That brings me to what I've learned. I've learned that not only is there no guarantee of admission to university, but there's no need to worry about it, either. I've learned that university, like school or a job or a friendship, offers a lovely and important opportunity for learning, but it's not everything. 

When I was a kid, we were expected to go through the gamut of school until high school graduation, and then either get a job or access further education if our career goals required it. University has now been tacked onto that expectation as a part of the gamut. But why? What's the point? Not only do most kids not have firm career goals by the time they finish high school, but increasingly, people are having a multitude of different careers over the course of a lifetime, and accessing further education only as needed. There's little point in spending four years in training for a job that may not even exist when we finish. There's equally little point in spending all that time in school, when we can be learning and growing on the job, or while working on other pursuits.

So what's university for? A friend of mine pre-read this article and asked me to explore this a little more. Her comments made me realize that many of the skills and experiences I gained from university are now unneeded in our society in general, like outdated job-search skills, now-antiquated writing conventions, and working in a pre-social-media world. Other skills I gained, such as time-management, a sense of self and community engagement, mature social skills, real-world career-building skills, and--most importantly--independence have already been mostly acquired by my unschooled kids, simply because they spent their teen years exploring rather than schooling. During one of the many parent meetings at the democratic school both of my kids attended, the principal explained that at a democratic school kids are encouraged to do whatever they like, even when that means spending every day playing video games or sitting out on the grass chatting with their friends. She then said something to the effect of "we let them do this in their teens, instead of during their first year of university, when they're paying high tuition fees just to sit out on the lawn chatting with their friends." Right. At the time, with a couple of unschooled teens I could already see had more "adulting skills" than I did at twenty, her words hit home.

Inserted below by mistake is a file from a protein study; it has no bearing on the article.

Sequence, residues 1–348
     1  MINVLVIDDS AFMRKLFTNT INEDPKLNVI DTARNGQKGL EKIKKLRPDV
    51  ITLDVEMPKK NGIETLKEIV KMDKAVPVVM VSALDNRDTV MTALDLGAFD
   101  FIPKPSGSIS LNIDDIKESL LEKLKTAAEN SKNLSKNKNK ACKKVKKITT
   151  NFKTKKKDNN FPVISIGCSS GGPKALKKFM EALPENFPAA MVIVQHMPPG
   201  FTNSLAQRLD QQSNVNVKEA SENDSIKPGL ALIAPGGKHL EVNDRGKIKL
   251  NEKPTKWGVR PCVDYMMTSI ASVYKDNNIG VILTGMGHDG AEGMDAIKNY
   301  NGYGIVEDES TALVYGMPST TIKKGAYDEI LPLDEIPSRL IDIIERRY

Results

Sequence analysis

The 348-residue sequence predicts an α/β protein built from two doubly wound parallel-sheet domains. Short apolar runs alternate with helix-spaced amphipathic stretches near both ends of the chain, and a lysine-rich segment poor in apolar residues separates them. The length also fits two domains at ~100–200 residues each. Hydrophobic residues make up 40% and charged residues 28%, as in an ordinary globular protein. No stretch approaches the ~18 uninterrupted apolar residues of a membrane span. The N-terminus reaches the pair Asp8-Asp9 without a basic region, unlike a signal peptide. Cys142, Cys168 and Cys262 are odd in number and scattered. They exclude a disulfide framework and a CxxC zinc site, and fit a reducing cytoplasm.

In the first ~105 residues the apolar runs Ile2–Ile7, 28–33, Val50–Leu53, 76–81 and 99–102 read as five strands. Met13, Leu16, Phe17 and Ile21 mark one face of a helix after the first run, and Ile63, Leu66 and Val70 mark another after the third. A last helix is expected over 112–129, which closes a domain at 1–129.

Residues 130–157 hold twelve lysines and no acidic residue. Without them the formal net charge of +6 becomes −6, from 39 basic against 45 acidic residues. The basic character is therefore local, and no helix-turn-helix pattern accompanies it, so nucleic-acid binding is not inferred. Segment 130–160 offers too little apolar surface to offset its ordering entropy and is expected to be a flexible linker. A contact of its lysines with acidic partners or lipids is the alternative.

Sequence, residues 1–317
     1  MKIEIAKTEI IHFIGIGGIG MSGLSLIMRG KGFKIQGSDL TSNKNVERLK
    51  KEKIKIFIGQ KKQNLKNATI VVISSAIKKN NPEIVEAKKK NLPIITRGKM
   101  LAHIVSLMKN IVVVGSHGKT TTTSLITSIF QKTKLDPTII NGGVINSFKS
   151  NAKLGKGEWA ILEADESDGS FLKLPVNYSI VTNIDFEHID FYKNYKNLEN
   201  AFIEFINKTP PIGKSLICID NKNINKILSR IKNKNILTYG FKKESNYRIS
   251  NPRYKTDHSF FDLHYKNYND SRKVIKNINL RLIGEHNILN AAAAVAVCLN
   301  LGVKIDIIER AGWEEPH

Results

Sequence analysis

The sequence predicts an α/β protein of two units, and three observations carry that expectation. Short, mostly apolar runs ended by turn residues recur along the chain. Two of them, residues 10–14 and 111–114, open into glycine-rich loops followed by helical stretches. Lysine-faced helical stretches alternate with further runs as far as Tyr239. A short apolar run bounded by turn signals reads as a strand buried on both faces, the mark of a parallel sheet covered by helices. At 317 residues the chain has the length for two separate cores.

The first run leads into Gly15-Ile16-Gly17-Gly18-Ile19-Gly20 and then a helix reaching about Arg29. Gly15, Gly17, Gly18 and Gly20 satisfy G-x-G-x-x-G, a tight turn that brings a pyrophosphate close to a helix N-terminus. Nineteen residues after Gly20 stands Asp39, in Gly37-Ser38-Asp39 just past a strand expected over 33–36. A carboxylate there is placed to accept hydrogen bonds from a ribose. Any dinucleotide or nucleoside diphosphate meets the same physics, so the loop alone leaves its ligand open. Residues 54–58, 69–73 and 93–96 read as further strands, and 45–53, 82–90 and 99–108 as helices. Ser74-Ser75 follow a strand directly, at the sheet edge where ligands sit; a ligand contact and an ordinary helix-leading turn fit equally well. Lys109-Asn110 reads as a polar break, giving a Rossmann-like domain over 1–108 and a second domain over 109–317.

This current expectation that everyone should attend university for four years just to have a degree that allows us to apply for the next degree, or for a particular job is not a long-standing tradition. Universities used to be simply a hub for research and discovery. They still are, and in addition to that, they offer kids who haven't already had a chance to gain independence a space to do so. More excitingly, they offer a place for people to gather in pursuit of common interests, and because of this (and their ancient position as research hubs) they still hold more resources for the exploration and pursuit of those interests than other parts of the city. The only particle accelerator in this little part of the earth is at our university, for example. It's good to have a place to gather in community and pursuit of knowledge and understanding! We need that! Universities still offer this, and the greatest professors are those who show up not to impart knowledge, but to gather people together in pursuit of it, sharing their enthusiasm as they do. The best classes are not rungs on the ladder towards a degree, but those that welcome in the public and people of all experience levels to just get excited and share ideas. I hope and imagine that as humans and education continue to evolve, universities cease to be an expected part of "growing up", and continue to be, as they have been for many centuries, a hub for growth.

I love how my kids are making their way into adulthood without following the prescribed route. My son feels he needs some education in rendering, so he's just now beginning an online course. My daughter is about to begin a job running a book club for middle-grade readers. Both my kids are on the precipice of their adult lives, and finally free to jump. Maybe one day university will be an important part of my kids' lives, but I imagine it will be just one strand in a great weaving--definitely not something to spend their teen years fretting about. It turns out they can spend their teen years doing what they love and each of those other activities will be equally valuable strands in the same big weaving of their lives.